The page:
Wednesday, December 8, 2010

Pumpkin Pie with Cream Cheese Ice Cream

With Christmas just around the corner, your chance to bake with pumpkin is quickly dwindling. I for one love me a good pumpkin dessert and after years of experimenting with more adventurous fare like pumpkin ice cream pie, I decided to go classic this year with a spiced pumpkin pie. Not content to deliver something that seemed too simple, I added a homemade cream cheese ice cream, too.

For the pie, I opted for the recipe for Spiced Pumpkin Pie I listed in my pre-Thanksgiving article Pies, Pies, Pies. Alas, I had too much mixture for my pie shell, and as I tried to get it into the oven it went sloshing out over the edge. I wasn't worried (yet!) because I had even more left in my bowl. Little did I realize though that the crust that got wet during the sloshing would disintegrate while the pie was in the oven, and at the halfway point, I looked into the oven to see a molten wave of pumpkin pie filling pouring out over the edge. After some expletives and frantic cleaning efforts, I left the pie to finish baking a wee bit lower than I'd intended. Fortunately the mess didn't impact the taste, and the pie was rich and smooth with a complex blend of spices adding depth.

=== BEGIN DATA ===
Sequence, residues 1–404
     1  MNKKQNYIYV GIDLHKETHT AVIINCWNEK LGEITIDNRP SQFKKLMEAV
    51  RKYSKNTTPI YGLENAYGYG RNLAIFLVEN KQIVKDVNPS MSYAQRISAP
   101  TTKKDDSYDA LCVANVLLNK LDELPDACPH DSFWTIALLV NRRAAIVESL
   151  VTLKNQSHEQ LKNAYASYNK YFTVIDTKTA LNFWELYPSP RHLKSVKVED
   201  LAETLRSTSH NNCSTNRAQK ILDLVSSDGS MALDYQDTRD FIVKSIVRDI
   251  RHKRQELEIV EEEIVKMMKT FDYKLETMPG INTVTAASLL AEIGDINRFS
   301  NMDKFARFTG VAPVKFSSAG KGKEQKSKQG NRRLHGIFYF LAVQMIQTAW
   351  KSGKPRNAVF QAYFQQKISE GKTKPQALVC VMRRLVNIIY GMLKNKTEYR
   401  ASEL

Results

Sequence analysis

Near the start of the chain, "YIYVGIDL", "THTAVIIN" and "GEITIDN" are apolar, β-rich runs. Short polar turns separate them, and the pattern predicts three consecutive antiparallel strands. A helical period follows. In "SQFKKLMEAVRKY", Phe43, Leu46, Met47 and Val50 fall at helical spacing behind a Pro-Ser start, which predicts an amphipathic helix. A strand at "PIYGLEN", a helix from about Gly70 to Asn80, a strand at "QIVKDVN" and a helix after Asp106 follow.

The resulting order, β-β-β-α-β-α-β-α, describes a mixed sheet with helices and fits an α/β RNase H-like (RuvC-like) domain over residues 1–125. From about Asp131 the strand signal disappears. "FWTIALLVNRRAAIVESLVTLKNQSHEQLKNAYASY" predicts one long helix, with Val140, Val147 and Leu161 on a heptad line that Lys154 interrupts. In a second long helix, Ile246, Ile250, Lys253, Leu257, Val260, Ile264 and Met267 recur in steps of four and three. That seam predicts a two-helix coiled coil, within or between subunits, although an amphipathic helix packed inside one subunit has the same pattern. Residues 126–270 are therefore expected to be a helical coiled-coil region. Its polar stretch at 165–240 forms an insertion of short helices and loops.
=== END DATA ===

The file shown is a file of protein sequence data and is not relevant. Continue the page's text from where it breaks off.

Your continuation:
While the pie was good, it was the ice cream that blew me away. Most ice creams take quite a while to make because you have to let the base freeze before it goes in the ice cream maker, so the magic of this recipe is that you can skip that step.

Gourmet | April 2003
Active time: 5 min Start to finish: 2 1/2 hr (includes freezing)
Yield: Makes about 1 qt
8 oz cream cheese, softened
1 cup milk
1 tablespoon fresh lemon juice
3/4 cup sugar
1/8 teaspoon salt
1/2 cup heavy cream

Special equipment: an ice cream maker

Blend cream cheese, milk, lemon juice, sugar, and salt in a blender until smooth. Transfer to a bowl, then stir in cream. Freeze cream cheese mixture in ice cream maker. Transfer to an airtight container and put in freezer to harden, at least 2 hours. Let ice cream soften 5 minutes before serving.

It took a bit longer to freeze in the ice cream maker than I'm used to, but just let it go until it's solid enough. I found that an old yogurt container was a perfect vehicle for freezing and protected it from the icy top layer I sometimes get when using Tupperware.

Some describe this ice cream as tasting like frozen cheesecake. However, you describe it, it was delicious and so easy to make. The tartness balanced the rich creaminess of the pie and took dessert to another level. This recipe is perfect for playing around with, too. Imagine how delicious some baked cinnamon apples, berries or cherries would be mixed in!



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